Iran Is Interfering in the U.S. Election Intimidating Voters to Hurt Trump, Intelligence Chief Says

Director of National Intelligence John Ratcliffe said Wednesday that Iran is behind a voter intimidation scheme designed to hurt President Donald Trump.

Government officials concluded that emails sent to Democratic voters in multiple states that said, "You will vote for Trump on Election Day or we will come after you" while purporting to come from the Proud Boys, a far-right group that supports Trump, were actually sent by Iran, according to a report from The Washington Post.

The messages appear to attempt to intimidate Democrats into voting for Trump, but Ratcliffe says that Iran intended to hurt Trump with the fake emails. He did not mentioning whether they were also designed to hurt Democratic presidential nominee Joe Biden.

John Ratcliffe
John Ratcliffe, then a Republican U.S. Representative from Texas, is pictured during a Senate nomination hearing prior to his confirmation as U.S. director of national intelligence in Washington, D.C. on May 5, 2020. Andrew Harnik-Pool/Getty

"We have already seen Iran sending spoofed emails designed to intimidate voters, incite social unrest, and damage President Trump," Ratcliffe said during an FBI press conference on Wednesday. "You may have seen some reporting on this in the last 24 hours or you may have even been one of the recipients of those emails."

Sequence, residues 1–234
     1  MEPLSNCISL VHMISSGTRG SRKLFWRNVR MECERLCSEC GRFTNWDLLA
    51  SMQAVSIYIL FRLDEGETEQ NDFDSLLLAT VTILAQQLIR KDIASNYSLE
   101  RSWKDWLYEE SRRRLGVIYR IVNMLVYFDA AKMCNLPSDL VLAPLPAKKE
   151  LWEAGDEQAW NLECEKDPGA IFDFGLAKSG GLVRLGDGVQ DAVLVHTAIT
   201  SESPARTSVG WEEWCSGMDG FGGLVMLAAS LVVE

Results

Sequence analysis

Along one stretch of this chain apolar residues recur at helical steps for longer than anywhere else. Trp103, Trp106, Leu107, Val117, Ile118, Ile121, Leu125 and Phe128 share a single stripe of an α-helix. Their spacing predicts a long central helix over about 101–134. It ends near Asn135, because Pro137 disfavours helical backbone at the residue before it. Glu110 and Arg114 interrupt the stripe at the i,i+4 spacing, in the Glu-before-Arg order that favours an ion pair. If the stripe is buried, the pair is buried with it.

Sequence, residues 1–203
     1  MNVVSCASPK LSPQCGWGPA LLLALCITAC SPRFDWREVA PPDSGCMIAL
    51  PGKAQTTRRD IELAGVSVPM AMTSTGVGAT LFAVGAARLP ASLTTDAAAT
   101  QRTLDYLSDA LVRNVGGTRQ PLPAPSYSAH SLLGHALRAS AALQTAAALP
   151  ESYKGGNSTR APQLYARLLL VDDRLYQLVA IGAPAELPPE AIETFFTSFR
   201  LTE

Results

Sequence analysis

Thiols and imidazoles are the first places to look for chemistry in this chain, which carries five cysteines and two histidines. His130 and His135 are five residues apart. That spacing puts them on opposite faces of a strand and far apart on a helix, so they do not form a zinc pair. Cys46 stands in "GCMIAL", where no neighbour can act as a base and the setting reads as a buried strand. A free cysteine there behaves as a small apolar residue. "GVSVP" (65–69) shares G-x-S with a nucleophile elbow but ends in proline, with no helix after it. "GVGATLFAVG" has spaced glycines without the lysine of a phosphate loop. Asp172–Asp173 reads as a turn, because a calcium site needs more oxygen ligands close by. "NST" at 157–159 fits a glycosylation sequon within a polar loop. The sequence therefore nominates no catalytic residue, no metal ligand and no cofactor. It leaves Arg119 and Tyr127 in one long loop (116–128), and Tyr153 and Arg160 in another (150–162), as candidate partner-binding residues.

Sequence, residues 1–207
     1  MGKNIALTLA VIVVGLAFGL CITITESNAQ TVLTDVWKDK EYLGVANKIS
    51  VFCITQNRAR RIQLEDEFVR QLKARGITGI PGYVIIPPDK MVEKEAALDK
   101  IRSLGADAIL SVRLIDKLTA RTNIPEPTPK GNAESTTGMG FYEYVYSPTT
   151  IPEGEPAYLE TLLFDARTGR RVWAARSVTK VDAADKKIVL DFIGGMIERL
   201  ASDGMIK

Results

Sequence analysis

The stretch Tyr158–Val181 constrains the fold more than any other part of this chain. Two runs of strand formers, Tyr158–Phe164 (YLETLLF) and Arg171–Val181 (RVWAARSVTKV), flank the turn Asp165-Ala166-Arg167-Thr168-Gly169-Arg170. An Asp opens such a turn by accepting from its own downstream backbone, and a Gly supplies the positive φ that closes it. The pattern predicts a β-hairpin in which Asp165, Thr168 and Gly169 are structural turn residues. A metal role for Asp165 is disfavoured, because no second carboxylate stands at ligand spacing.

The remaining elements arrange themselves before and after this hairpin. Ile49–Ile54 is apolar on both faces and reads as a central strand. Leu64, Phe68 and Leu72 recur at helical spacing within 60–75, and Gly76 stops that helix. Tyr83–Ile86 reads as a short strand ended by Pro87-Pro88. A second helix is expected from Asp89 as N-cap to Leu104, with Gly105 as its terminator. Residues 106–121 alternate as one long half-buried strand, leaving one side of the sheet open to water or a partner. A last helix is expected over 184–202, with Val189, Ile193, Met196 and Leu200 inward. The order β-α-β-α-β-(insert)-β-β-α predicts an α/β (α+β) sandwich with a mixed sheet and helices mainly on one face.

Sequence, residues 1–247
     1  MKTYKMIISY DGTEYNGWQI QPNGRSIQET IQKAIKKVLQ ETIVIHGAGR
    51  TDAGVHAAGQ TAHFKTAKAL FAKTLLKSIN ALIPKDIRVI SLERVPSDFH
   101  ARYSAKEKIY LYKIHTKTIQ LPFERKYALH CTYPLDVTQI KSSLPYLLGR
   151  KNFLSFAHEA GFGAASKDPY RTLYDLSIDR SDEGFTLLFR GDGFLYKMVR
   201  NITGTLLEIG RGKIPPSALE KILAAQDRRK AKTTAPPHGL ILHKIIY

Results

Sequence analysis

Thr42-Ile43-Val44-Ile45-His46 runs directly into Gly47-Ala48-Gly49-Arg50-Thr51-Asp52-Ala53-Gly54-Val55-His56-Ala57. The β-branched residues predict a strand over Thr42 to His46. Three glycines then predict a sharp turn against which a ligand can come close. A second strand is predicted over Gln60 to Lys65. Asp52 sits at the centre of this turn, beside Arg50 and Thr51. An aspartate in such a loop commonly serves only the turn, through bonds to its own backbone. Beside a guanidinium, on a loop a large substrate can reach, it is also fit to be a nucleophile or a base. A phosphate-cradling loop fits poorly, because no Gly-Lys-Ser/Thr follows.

Ratcliffe said that both Iran and Russia had "taken specific actions to influence public opinion relating to our elections." He said that voter registration information had been separately obtained by the two countries.

"This information can be used by foreign actors to attempt to communicate false information to registered voters that they hope will cause confusion, sow chaos and undermine your confidence in America democracy," Ratcliffe added.

The Florida Department of State said in a statement that the emails were being investigated but that there had been "no breach to Florida's Voter Registration database."

A cybersecurity firm discovered that a hacker was recently attempting to sell voter registration information for 186 million U.S. voters online, according to a Wednesday report from NBC.

However, it is unlikely that any hacking would be required to uncover such information, let alone a foreign intelligence operation, since voter registration information is publicly available by request in most of the country. Publicly available information typically includes political party affiliation.

The emails said to be from Iran were reportedly received by voters in states including Alaska, Florida and Pennsylvania. Although it is not clear why the specific voters were targeted, they were all registered as Democrats.

The emails, sent from the address "info@officialproudboys.com," reportedly contained demands that voters change their party registration to Republican and vote for Trump, along with a claim that the Proud Boys were "in possession of all your information." Recipients were urged to "take this seriously" and warned that "we will know who you voted for."

Members of the Proud Boys quickly denied that the emails had been sent by the group, calling it a "false flag operation." The group recently came to national attention when they were mentioned during the first debate between Trump and Biden on September 29.

After moderator Chris Wallace asked him to disavow white nationalism and militia groups, Trump refused to issue a blanket disavowal and instead asked for a specific group. Biden then mentioned the Proud Boys. The president did not condemn the group, but instead told them to "stand back and stand by."

Newsweek reached out to the Trump and Biden campaigns for comment.